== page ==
Daily Archives: April 13, 2007

Colossal Youth

All of Pedro Costa’s films reside in a netherworld between documentary and fiction, and many of them are awesome. Where Lies Your Hidden Smile? (2001), an account of Jean-Marie Straub and Daniele Huillet editing one of their films, feels very intimate, though the subjects were also being observed by students (whose presence is elided by Costa). And the exquisitely composed, naturally lit chiaroscuro of Colossal Youth (2006), shot in the surviving ruins of one Lisbon slum and around a high-rise in another, combines realism and expressionism, Louis Lumiere and Jacques Tourneur. It was cowritten by the nonprofessional, marginal, mainly nonwhite cast; rehearsed and shot in multiple takes; then edited down from 320 hours to 155 minutes over a period of 15 months. It’s unlike anything else I’ve seenmysterious, exalted, demanding, leisurely paced, and very beautifuland you’re bound to either love it or hate it. In Portuguese with subtitles. (JR) Read more

Filmmakers In Action

Though awkwardly assembled and occasionally obscure, this 2005 Spanish documentary by Carlos Benpar is an eye-opener, showing how filmmakers in Europe try to protect their work from censorship, colorizing, dubbing, pan and scan, and other defacements. Benpar explains the differences between artists’ legal rights in the U.S. and overseas: for instance, director Jean-Pierre Marchand successfully sued a French TV channel for placing a logo on his film, and though Sydney Pollack lost a suit against a Danish TV channel for panning and scanning his wide-screen Three Days of the Condor, the court issued a stern rebuke to the U.S. laws that permitted the practice. Among the other interviewees are Woody Allen, Bernardo Bertolucci, John Boorman, Arthur Penn, Martin Scorsese, Claude Chabrol, Salvador Dali, Bigas Luna, Pere Portabella, and a 91-year-old Jules Dassin. 106 min. (JR) Read more


The pitch must have sounded like a no-brainer: a teenage, suburban remake of Rear Window, updated with digital technology. This time the bored voyeuristic hero (Shia LaBeouf) who’s spying on his suspicious neighbor (David Morse) is under monitored house arrest for slugging his Spanish teacher. And this did keep me alert for a while, thanks partly to Sarah Roemer (who has some of Cybill Shepherd’s insolence) in the Grace Kelly part and Carrie-Anne Moss as the hero’s hot mother. If you’re happy to watch a thriller about a tenth as good as Alfred Hitchcock’s, director D.J. Caruso and screenwriters Christopher B. Landon and Carl Ellsworth hold up their end of the deal, at least until the proceedings devolve into standard horror-movie effects and minimal motivations. But of course Hitchcock’s original never had to resort to thunder and lightning to goose up the suspense. PG-13, 104 min. (JR) Read more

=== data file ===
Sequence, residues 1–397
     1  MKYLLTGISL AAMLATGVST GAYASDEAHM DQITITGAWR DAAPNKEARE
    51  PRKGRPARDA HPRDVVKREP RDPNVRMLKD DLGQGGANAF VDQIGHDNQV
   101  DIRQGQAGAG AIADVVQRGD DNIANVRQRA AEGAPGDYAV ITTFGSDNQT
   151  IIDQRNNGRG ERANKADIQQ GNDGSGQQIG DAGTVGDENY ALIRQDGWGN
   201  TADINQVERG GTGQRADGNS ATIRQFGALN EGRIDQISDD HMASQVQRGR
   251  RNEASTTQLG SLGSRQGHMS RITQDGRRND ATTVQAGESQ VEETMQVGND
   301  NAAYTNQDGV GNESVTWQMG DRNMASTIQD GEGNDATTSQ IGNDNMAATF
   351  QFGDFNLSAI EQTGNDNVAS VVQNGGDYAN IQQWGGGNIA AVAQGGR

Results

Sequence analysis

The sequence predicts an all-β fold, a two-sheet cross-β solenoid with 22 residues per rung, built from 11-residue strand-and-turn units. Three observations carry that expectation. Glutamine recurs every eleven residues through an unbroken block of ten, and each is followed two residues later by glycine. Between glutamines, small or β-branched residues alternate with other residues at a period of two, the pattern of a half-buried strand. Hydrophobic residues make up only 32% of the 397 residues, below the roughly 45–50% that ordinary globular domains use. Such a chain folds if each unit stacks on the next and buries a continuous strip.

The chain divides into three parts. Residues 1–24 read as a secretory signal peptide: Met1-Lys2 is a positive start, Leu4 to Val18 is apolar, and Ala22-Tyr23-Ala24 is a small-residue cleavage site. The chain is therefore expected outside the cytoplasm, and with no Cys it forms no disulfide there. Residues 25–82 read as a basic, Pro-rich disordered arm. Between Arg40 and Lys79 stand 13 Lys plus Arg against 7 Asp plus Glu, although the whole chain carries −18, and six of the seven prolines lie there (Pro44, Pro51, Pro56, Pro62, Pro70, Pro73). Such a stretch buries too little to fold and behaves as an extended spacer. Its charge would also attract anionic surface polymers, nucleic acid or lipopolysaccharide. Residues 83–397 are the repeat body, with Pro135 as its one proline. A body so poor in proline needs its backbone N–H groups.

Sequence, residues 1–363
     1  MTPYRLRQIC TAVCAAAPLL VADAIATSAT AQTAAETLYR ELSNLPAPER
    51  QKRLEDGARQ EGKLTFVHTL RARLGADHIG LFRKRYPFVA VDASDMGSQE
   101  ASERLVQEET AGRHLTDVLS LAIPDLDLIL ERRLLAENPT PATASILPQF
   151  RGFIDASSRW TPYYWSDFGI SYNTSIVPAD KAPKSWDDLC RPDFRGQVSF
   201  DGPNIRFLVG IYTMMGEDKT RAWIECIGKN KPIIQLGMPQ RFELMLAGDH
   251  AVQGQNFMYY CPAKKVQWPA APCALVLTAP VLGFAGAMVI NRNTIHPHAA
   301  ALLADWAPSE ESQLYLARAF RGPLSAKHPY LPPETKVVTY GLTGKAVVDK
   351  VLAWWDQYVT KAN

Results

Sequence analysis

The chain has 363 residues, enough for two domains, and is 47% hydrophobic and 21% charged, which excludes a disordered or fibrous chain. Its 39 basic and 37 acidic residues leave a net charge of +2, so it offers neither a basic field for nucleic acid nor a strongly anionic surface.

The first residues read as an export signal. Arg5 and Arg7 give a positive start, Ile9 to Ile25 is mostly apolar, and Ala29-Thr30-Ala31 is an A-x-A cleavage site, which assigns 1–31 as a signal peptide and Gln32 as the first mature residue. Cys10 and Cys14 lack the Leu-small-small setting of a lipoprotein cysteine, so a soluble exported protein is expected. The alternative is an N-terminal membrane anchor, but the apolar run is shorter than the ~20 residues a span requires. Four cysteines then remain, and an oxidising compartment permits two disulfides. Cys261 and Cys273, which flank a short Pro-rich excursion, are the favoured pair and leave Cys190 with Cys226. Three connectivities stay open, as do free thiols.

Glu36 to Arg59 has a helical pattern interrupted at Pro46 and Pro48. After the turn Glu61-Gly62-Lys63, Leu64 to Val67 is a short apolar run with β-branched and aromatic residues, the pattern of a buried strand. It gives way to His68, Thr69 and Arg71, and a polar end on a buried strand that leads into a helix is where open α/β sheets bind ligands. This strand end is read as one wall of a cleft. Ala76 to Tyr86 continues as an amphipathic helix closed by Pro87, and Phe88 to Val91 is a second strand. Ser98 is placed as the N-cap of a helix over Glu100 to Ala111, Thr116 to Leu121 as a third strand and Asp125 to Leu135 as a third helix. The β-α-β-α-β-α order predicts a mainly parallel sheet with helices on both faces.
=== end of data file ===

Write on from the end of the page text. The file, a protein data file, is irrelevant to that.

Perfect Stranger

A tabloid journalist (Halle Berry), assisted by a computer geek (Giovanni Ribisi), goes undercover to pin the murder of her old friend on a tyrannical tycoon (Bruce Willis). This stupidly contrived thriller is all the more disappointing if you admire previous work by Berry and director James Foley (After Dark, My Sweet). Did they cynically opt for a lame and unpleasant script (by Todd Komarnicki), or did this make more sense before the suits got to it? Either way, they must have known how scuzzy all the characters are, and the plot twists only make the whole thing seem more phony. R, 109 min. (JR) Read more

Girl Crazy

The eighth and last MGM feature to pair Judy Garland and Mickey Rooney, this black-and-white let’s put on a show musical (1943) from the Arthur Freed unit is set at a western men’s college where a rich kid (Rooney) falls for the dean’s granddaughter (Garland). The stars sing familiar Gershwin tunes, backed by the Tommy Dorsey band, and when Busby Berkeley takes over from the pedestrian Norman Taurog to direct the climactic I Got Rhythm, the difference is palpable. Rooney’s brashness and energy are boundless throughoutincluding one swell scene in which he pretends to be a piano virtuoso. With June Allyson and Guy Kibbee. 99 min. (JR) Read more

Black Book

Paul Verhoeven’s triumphant 2006 return to Dutch cinema after 20 years of Hollywood releases (Total Recall, Basic Instinct, Starship Troopers) is commercial moviemaking of the highest order, superbly mounted and paced. Its story of a sexy Jewish singer (Carice Van Houten) who poses as a Nazi for the Dutch resistance during World War II is based on 30 years of research and 20 years of script development with cowriter Gerard Soeteman (Soldier of Orange). Like much of Verhoeven’s best work, it’s shamelessly melodramatic, but in its dark moral complexities it puts Schindler’s List to shame. Van Houten and Sebastian Koch (The Lives of Others) are only two of the standouts in an exceptional cast. In English and subtitled Dutch, German, and Hebrew. R, 145 min. a Century 12 and CineArts 6, Music Box. Read more